Every now and then something seemingly ordinary happens in our widow lives that has so much more meaning. Something that other people would really not think anything of. I had one of these a few weeks ago, when the glass top on our stove cracked.
This was a stove that my new person, Mike, and his late-wife, Megan, had in their house for a decade. A stove that was at the center of a lifetime of meals and memories in their household. And there it was, one evening after making dinner, I noticed something… a huge crack that ran all the way across the top of the glass top surface. After hopeful research, we were both frustrated to learn that a cracked glass top is completely unsafe to keep using.
It wasn’t a particularly triggery or upsetting thing for Mike… he doesn’t tend to go hunting out the symbolic meaning of ordinary household appliances the way I do. This was merely a minor extra annoyance in our life for him. And let’s face it, having to drop everything on your day off to go unexpectedly hunting for a stove bargain was not exactly something exciting or pivotal. Except that for me, it kind of was...
I was very aware, it was a moment in time we were sharing something major. Something that both of us "should" have been doing with someone else who isn't here anymore. That together, here we were, in the midst of our "plan B" journey - with a new milestone of adult life.
I'm writing you all on my phone, in the back room of a tattoo shop in Cleveland. An odd place to write from, and no, I'm not the one getting the tattoo… but my sister is. Her first. My nephew, her son, is apprenticing as a tattoo artist and is doing hers. This is in so many ways so very cool. Getting to be here for it and watch is something I'm grateful for… even though I've chickened out from getting one myself!
Sitting here, I am already dreaming of coming back for my first tattoo. I already know of two I want for certain.. both are memorials to Drew. I had decided to wait 5 years from his death and if I was still certain about one, I would get it. Well, I'm creeping I to six years now, and as coincidence would have it my nephew just moved to town to do tattoo work.. it seems like a sign.Read more
Most of the time I feel empty inside. The landscape of my Soul is barren since he died. However, most people can only see the vibrant life I have. At first glance, my life appears fairly enviable. With the exception of Mike's death, I have all the trappings of a good life. I have the kids, the house, the car, and the career. I have managed to achieve a lot of success in Suburbia. The boxes are checked. My life does not appear to be barren. Not surprisingly, for those looking from the outside in, it is not comprehensible that I still feel empty. To them everything looks like it is returning back to "normal" without Mike. They think I am "strong". They tell me that I am "the strongest person they know". They tell me that they "can't imagine" how I do it. When my ears hear their statements I just kind of stare at them and watch their lips move. I don't say much in response because I know the truth. Yes, I am 'strong', because I do not have a choice. I have to stay the course for my kids, and for myself.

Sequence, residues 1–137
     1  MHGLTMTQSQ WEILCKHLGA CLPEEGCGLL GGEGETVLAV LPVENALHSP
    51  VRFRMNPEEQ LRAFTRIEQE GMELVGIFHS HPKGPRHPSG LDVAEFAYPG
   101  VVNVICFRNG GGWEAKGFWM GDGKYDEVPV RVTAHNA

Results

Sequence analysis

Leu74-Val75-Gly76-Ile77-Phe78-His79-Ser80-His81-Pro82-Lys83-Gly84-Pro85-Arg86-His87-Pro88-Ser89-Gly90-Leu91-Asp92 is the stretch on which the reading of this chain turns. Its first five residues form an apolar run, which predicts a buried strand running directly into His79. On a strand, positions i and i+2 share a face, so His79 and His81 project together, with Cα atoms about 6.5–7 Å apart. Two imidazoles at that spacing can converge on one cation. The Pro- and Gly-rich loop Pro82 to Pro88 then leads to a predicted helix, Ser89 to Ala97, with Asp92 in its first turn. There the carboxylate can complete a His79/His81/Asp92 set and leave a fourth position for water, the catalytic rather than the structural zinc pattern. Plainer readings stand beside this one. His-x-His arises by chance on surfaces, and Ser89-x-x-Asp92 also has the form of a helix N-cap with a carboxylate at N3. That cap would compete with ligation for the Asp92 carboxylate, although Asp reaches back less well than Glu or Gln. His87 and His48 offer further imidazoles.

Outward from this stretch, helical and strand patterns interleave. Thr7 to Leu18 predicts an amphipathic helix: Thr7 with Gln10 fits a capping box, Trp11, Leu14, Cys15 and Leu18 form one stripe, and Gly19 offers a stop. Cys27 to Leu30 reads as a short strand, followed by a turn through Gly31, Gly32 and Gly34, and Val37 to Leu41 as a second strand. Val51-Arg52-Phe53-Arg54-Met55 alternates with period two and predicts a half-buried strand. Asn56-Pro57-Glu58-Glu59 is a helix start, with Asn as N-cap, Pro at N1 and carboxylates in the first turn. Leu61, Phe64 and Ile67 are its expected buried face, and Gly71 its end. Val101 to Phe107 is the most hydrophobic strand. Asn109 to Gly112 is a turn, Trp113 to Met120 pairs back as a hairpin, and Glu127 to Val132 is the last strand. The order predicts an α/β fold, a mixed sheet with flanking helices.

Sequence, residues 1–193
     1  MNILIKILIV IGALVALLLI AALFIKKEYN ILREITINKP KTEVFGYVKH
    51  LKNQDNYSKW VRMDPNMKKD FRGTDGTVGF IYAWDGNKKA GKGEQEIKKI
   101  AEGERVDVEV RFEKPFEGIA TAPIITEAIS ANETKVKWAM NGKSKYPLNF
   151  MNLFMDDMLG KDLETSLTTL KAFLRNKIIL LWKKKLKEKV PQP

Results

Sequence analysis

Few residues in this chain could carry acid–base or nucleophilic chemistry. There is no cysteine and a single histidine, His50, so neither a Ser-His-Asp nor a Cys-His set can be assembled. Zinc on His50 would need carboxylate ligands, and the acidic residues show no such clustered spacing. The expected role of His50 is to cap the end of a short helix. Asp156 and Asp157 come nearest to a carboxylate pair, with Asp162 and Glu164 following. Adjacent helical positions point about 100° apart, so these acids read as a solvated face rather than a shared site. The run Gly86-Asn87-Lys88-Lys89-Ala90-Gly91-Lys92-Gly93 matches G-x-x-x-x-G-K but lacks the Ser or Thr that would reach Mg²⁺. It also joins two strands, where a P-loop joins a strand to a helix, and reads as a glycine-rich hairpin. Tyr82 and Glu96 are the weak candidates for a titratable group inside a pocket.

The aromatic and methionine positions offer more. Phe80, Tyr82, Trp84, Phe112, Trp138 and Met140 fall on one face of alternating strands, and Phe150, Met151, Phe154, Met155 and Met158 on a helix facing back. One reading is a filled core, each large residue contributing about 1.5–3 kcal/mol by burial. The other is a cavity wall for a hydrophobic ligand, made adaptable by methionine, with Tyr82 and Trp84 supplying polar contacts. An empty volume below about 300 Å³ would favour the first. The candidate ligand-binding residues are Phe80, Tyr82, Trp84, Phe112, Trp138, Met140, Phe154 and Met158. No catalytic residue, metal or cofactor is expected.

I do not feel bitter towards people who make these proclamations about me and my life. They simply do not understand the depth and breadth of my loss. I understand that they can not understand. And, I know that they are so lucky that they "can't imagine" my situation. I think that people need to believe that things return to normal after a person dies. They need to believe that I am okay now because if I am okay, that means - if and when this happens to them - they will recover and be okay too. But, as people who have outlived our spouses, we know differently. We are aware that there is nothing normal about our changed lives. We know that there is no backing up. We can not return to days gone by no matter how desperately we want to. There is nothing to return to. Our lives can not be as they were before. That life is over. It's gone. It's done. Period. And, yeah, we are 'strong' despite our blunt reality.
To me, the phrase "new normal" is ridiculous.
I HATE that idiom.
There is nothing normal about my new life.
It is the exact opposite of what I am used to.
I am different since Mike died, and - this is normal.
The hollowness and emptiness that I feel - is normal.
My grief - is normal.
My life is not normal anymore.